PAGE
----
Shell Shocked: Why a tumultuous week for Big Oil is a turning point for shipping
The succession of landmark decisions for the supermajors this week is not just an energy issue — from similar legal action potentially taken against major shipping companies for their environmental record, to a more precarious outlook and for companies moving fossil fuels, shipping companies will be affected by this week's developments
Shell’s court-ordered emissions cut and the Green coup at the hands of activist investors at ExxonMobil and Chevron this week will have repercussions for shipping well beyond the immediate news cycle. Change is coming faster than many would like, there is now an urgent need for the industry to adapt or face the consequences
A WEEK that could define the future of the energy industry should also have shipping’s decision-makers assessing their own hopes and expectations.
In a landmark decision, a Dutch court ordered Shell to significantly accelerate its decarbonisation efforts and reduce its net global emissions by 45% by 2030 compared to 2019, including those from its customers and suppliers.
Meanwhile, ExxonMobil lost board seats to climate activist candidates and shareholders at Chevron backed measures to reduce emissions from the use of its products.
The credit raters have already delivered their verdict — stricter investor expectations “could lead to higher capital costs and diminished access to capital for oil companies that do not keep pace with investors’ expectations for transitioning to a low carbon business model”.
Total shareholders also approved rebranding the French company to TotalEnergies in an effort to demonstrate an increasing attention to renewable energy.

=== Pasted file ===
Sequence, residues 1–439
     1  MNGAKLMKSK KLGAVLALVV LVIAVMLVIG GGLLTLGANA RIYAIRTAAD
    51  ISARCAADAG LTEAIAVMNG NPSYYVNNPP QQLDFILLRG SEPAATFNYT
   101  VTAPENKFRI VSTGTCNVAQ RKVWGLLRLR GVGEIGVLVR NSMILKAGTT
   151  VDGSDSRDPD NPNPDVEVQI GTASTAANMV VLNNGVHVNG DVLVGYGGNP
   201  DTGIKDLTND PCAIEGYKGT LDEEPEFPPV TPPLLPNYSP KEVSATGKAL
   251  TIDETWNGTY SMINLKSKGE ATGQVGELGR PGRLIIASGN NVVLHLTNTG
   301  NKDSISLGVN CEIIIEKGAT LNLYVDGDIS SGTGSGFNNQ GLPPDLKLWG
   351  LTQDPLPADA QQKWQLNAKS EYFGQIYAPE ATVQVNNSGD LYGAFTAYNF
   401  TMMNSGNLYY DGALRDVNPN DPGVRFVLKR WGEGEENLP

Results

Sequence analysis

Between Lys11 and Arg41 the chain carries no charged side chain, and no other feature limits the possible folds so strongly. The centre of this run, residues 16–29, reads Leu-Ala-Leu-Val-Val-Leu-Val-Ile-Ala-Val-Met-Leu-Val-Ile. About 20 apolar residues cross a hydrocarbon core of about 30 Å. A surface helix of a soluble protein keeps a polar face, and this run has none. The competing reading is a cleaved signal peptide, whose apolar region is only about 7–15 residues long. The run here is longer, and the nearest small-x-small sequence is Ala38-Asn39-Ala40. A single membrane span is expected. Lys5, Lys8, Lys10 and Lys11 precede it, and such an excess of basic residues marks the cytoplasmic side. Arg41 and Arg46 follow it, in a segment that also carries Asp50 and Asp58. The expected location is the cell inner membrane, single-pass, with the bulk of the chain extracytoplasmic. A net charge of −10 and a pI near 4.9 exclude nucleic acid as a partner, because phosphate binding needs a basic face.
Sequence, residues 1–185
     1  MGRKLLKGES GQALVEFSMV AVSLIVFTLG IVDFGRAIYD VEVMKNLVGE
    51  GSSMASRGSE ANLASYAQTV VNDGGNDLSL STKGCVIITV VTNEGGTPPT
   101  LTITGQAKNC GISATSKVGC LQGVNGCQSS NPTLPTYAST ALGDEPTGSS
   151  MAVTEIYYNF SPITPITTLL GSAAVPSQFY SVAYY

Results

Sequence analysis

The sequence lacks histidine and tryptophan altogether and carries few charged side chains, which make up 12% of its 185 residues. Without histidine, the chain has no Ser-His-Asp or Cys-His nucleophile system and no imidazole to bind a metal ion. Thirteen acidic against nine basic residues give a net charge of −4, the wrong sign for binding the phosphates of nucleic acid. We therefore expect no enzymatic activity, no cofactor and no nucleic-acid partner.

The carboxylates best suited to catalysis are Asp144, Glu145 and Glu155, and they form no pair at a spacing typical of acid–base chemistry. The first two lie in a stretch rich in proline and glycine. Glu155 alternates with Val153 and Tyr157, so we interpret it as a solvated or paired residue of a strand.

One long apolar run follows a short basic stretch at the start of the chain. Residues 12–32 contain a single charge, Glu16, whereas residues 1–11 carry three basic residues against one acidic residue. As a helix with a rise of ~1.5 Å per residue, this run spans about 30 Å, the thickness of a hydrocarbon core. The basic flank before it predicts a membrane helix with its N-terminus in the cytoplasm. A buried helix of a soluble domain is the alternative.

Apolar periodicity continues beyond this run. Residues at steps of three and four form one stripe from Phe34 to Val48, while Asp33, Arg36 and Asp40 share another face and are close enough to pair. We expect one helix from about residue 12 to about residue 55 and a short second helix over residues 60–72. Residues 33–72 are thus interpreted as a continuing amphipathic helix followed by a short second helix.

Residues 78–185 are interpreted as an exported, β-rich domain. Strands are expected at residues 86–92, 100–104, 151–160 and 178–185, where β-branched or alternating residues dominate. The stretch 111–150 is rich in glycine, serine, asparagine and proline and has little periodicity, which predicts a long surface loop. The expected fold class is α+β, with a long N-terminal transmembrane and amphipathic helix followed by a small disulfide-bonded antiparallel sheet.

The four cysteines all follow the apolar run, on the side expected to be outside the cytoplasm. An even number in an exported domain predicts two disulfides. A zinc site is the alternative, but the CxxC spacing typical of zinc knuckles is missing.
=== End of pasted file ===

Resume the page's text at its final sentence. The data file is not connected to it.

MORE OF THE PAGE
Energy majors, who are both customers and suppliers to the shipping industry, are on the front line of the energy transition so it is reasonable to expect that the first radical changes play out first in their boardrooms.
But the barrage of repercussions for the shipping industry is now inevitable. From similar legal action potentially taken against major shipping companies for their environmental record, to a more precarious outlook and for companies moving fossil fuels, shipping companies will be affected by this week's developments.
This is another clear message that shipping companies must become more vigilant in their emissions reductions efforts, making them a core part of their business, not an ancillary activity that is there for show.
The incomplete and unclear sustainability and environmental reports that a recent Lloyd’ List analysis found a number of shipping companies have published, will not be sufficient withstand the further scrutiny that shareholders, supply chain partners apply on them.
This week will also renew pressure on the users of liquefied natural gas, a fossil fuel that can reduce carbon dioxide emissions but only to a point, while suffering the slip of unburned methane.
Methane as a greenhouse gas has a much shorter lifespan than CO2 but can also lead to more than 84 times greater warming over a 20-year period.
If LNG is a transitional fuel, as its backers claim, they should ask themselves how long does this transition last if the legal and investor momentum to ensure that timeline shrinks, grows any further?
But shipping companies would also be wise to welcome this week’s developments. Companies have rightly pointed out that running ships on low-carbon fuels is not in their control. The added pressure on their fuel suppliers should mean they seek to develop viable low-carbon products faster and provide them to their customers, shipping companies, faster.
The energy transition is not going to be a one-sided affair. The alternatives must be viable and affordable, especially for developing and least developing nations, and demand for the products has to be there.
The writing has been on the wall since the 2015 Paris Agreement and 2021 is on course to be a watershed in several ways, with COP26 also coming in November.
This week’s unprecedented legal defeat and successful shareholder climate activism are arguably the strongest evidence yet that combating global warming is no longer a just political ambition with theoretical financial and operational implications.
For shipping, the implications are coming faster than many would have like and the need to adapt is paramount.